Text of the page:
New Year’s resolutions are tricky. On the one hand, there is something nicely symbolic about starting a new calendar year by setting intentions to make the coming year a better one. At the same time, there’s nothing magical about midnight on January 1st. We don’t really change who we are or what we want. Plus, if past years have taught us anything, it’s that many resolutions are ancient memories (and even sources of guilt) by Valentine’s Day. And yet, the tradition of announcing specific goals for ourselves—to read more or call our mothers more often—has lasted over 4,000 years because many people find it motivating.
If you’re a resolution kinda person, don’t forget to consider your sex life and sexual health as you sit down to make next year’s resolutions. Whether you want to be safer or more adventurous or both, we pulled together some ideas for you for 2021. If last year’s resolution was to never make another resolution, that’s fine, just consider this a list of potentially positive propositions.
• Masturbate more. Masturbation is good for us. It feels good, which could be enough, but it does more than that. It also relieves stress, helps us relax, leads to better sleep, and can ease menstrual cramps and other muscles aches. And, of course, it can help us understand what we like so that we’re able to do it again and/or explain it to our partner(s). Though some people may have been brought up to feel guilty about masturbating, the truth is that there are few if any downsides to this behavior (you certainly can’t get pregnant or contract an STI). So, what about vowing to up the quantity and/or quality of your solo love sessions in the new year?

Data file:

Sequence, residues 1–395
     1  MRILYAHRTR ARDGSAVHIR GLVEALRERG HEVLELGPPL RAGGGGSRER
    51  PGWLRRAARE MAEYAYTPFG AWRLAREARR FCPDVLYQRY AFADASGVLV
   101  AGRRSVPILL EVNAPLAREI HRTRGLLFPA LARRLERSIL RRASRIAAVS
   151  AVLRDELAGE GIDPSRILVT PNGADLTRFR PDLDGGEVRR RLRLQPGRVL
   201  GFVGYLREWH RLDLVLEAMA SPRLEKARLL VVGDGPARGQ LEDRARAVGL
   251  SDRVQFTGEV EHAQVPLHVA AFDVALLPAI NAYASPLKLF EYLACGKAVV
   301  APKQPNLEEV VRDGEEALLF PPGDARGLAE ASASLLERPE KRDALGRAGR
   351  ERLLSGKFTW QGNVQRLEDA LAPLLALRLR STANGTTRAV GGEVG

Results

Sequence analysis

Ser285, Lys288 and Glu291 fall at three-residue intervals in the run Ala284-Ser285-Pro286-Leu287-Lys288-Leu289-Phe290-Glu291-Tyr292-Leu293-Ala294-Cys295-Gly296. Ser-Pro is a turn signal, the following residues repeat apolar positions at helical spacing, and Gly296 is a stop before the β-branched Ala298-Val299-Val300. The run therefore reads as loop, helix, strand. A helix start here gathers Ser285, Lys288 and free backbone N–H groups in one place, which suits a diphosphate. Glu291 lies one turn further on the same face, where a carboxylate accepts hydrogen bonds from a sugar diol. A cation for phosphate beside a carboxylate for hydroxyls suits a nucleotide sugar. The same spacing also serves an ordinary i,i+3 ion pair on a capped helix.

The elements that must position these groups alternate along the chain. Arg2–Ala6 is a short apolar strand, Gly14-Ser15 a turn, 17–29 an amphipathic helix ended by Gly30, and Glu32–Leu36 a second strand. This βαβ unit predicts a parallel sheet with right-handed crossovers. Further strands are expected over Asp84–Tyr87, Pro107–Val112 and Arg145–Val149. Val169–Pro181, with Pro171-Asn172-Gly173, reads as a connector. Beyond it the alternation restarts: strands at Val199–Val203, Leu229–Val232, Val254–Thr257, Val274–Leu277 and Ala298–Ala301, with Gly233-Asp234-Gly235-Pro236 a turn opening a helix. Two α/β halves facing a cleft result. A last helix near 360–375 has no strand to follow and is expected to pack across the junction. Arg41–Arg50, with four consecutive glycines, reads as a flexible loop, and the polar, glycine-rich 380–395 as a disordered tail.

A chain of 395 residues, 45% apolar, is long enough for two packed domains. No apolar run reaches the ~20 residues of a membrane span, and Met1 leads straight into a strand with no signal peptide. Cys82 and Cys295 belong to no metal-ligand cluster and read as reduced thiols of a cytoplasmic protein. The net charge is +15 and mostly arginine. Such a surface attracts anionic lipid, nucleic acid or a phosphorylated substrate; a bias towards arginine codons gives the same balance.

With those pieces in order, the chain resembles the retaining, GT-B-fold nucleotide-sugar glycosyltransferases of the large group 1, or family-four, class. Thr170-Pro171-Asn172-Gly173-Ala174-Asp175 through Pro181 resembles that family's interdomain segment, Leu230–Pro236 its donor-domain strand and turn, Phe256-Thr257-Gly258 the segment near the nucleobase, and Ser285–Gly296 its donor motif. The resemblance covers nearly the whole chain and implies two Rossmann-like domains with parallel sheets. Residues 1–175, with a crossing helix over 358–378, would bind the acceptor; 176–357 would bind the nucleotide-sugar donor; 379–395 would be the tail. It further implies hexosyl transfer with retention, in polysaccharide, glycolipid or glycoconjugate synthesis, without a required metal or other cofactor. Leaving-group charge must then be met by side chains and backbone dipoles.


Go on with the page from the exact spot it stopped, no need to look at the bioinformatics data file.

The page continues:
• Try something different. Most of us are creatures of habits. We cycle through a small roster of dinner recipes or take out restaurants, wear a few favorite outfits while other clothes collect dust in our closets, and keep just three albums in heavy rotation on our streaming apps. The same can often be said of sex whether we’re single or part of a couple—we have a few favorite activities and positions in our repertoire, and we tend to play them on repeat. Knowing what you like is not a bad thing and there’s no need to throw out that list. But for the new year, consider trying one or two new-to-you things. Maybe there’s a position or a sex toy or a kink you’ve been thinking about. Try it (provided that it’s consensual, of course). Just once. Unless you really like it—then you can add it to the list of favorites and start looking for more new things to try.
• Get checked out. Nobody likes being poked and prodded while wearing a paper gown, but routine medical care is important. Gynecologists and STI clinics across the country are reporting a dramatic decrease in visits this year because of lockdowns and virus fears. While it’s a good thing that people are being sensible to avoid passing on or catching the virus, there are multiple ways to get health care. You may be surprised to learn, for example, that you can get STI testing and many other health care services via telehealth. Vow to keep up with your sexual health this year—whether that means getting STI/HIV testing or checking in with a provider about pain during sex or something else on your mind. And of course, if you need in-person care during the pandemic, please get it. Here’s a guide to help you figure out when telehealth is a good option and when to get care in person.